Paul continues to hit on the thought that what we do matters in a call to stay holy and loving. He encourages the church to continue to behave in a way that pleases God, specifically in reference to sexual immorality. (As long as there have been private parts there have been folks peeping at them, thinking about them, and using them indiscriminately when they shouldn’t. 6th century BC problems are the same as 1st century AD problems are the same as 21st Century CE problems.) Specifically, get it under control. This means don’t chase every urge your body was designed to use for good and follow it onto the internet or to a situation you don’t belong in or to an emotional/physical connection that belongs to someone else. There is no middle ground on this stuff; in all situations you pull a Joseph in Potiphar’s house: at the first sign of trouble you haul tail as far away as possible without explanation or excuse. It’s that hard, but it is that simple.
I’m not entirely sure what kind of situation is causing a brother to be wronged in regards to someone’s sexual immorality. Yes, I can think of a few options, but further pursuit is not particularly healthy and I’m not sure it’s necessary. Whatever it is, I’m assuming it can be avoided by minding your own sexual business and doing things God’s way. God has not called us for impurity but holiness, to ignore is is disregarding God, who Paul reminds us is who gives us the Holy Spirit.
On that note, though, although Paul is impressed with how they show love to each other, he wants more. Part of that is not taking advantage of other bros, not starting trouble, keeping to your own business, doing something that is tangible for society (I work in the business of financial promises, I’m not sure this qualifies) and conducting yourself with integrity and being dependent on no one. If we can summarize, don’t get caught up in a bunch other stuff, walk with God, love others and mind your business. On the final one, it’s not that you can’t accept charity when it is offered/needed, it’s just that you shouldn’t make a living off of someone else’s living, do what you can to add to the community around you and care for yourselves so that charity goes where it is needed.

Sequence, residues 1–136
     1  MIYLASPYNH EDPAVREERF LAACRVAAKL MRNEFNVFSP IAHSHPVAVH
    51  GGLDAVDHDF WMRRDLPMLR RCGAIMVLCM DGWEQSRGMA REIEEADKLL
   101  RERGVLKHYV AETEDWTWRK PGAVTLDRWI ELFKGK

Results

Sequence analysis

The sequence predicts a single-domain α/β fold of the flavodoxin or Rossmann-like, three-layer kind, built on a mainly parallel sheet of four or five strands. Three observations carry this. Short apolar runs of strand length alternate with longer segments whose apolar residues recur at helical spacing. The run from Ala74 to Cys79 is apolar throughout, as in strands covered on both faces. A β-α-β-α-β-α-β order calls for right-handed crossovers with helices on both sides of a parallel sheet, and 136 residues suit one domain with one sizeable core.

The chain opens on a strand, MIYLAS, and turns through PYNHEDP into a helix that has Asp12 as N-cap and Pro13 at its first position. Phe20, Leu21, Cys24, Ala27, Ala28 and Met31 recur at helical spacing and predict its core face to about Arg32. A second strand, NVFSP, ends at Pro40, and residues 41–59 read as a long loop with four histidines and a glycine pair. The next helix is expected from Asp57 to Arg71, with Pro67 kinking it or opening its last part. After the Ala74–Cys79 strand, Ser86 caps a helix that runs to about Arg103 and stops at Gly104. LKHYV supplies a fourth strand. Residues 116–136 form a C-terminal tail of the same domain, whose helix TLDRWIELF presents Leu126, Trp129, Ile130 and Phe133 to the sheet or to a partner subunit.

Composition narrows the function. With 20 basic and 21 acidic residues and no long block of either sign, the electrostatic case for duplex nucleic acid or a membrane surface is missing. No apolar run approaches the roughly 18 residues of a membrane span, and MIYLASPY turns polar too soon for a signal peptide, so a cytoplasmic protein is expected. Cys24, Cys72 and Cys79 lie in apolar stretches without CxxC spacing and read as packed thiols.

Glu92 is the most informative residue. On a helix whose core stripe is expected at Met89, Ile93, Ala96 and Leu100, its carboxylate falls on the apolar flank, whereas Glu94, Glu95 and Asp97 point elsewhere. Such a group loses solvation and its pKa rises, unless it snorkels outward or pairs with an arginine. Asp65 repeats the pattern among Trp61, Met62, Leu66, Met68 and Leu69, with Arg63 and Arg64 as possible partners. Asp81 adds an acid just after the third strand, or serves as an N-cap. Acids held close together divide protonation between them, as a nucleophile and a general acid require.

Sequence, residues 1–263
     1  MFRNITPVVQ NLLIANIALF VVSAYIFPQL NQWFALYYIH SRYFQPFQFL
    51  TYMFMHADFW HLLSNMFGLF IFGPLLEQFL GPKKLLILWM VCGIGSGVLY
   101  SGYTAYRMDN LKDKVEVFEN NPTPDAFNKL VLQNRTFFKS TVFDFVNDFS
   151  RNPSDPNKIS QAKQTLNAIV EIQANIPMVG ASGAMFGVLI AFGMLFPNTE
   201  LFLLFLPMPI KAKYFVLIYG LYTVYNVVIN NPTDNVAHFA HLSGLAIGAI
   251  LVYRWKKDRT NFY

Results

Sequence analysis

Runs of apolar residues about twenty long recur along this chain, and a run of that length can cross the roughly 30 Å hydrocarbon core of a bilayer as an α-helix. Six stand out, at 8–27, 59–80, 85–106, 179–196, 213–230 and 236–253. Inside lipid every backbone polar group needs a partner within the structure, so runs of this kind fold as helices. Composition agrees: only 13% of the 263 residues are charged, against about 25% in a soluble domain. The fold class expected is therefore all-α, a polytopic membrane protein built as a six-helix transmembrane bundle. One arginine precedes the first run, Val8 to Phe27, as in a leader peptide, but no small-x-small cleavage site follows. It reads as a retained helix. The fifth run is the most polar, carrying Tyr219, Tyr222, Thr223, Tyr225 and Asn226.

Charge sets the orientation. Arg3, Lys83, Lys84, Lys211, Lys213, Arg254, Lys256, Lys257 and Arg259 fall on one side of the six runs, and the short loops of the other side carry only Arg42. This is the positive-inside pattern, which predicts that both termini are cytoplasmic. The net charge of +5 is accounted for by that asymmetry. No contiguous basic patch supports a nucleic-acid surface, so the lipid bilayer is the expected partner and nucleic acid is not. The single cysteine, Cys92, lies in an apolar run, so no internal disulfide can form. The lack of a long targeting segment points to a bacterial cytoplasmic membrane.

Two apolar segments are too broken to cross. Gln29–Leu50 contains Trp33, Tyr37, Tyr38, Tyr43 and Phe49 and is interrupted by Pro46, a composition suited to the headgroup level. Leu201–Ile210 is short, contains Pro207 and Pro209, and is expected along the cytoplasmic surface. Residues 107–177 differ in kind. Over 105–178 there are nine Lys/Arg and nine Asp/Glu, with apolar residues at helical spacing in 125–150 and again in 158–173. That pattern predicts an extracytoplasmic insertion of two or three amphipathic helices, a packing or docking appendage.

In v.13, the conversation shifts as Paul wishes to set straight some either uninformed or wrongly informed thinking that he’s been made aware of by the Thessalonican church. They seem to be concerned that Jesus has not returned yet and that those who die prior to Jesus coming back are hosed. But Paul reminds them that we’re Christians, we don’t mourn death the way others do because death (sleep) is just the passing into eternal life with Jesus. He also says that those who are living will not meet Jesus prior to those who have already died, in fact the dead will rise to meet the living and they both will meet Jesus in the air upon his return that establishes his forever kingdom.
v.16 is most likely apocalyptic language, meaning that it is more likely than not figurative (cry of command, voice of an archangel, with the sound of the trumpet of God). Trumpets in the Bible traditionally are associated with the presence of God and also battle (this makes sense, Jesus’ return will coincide with the dispatching of all enemies). On the trumpet, suffice to say this description of a loud, battle-crying, archangel-shouting Jesus return action just doesn’t jive with the thought of this happening as a “secret” rapture where the dead are taken up but the living are left. I’m open to other interpretations of this section, but secret rapture is just flat out off the table, regardless of whether the language is figurative/apocalyptic or not.
Further Paul says the living and dead will get caught up together in the clouds to meet Jesus and will then always be with the Lord. That Greek word “to meet” is an important one, apantesis. It’s the word used elsewhere to describe when folks leave the city to meet an important person on the outside and then they all enter the city together. This is what we’re seeing here, everyone meets Jesus in the air, he refines the world with fire and judgment, and then we all return back to the restored creation to be with Jesus forever.
Paul expects this description to be an encouragement to the Thessalonican church. Chill out, Jesus will return, the living and the dead will meet him together, and all will be well.
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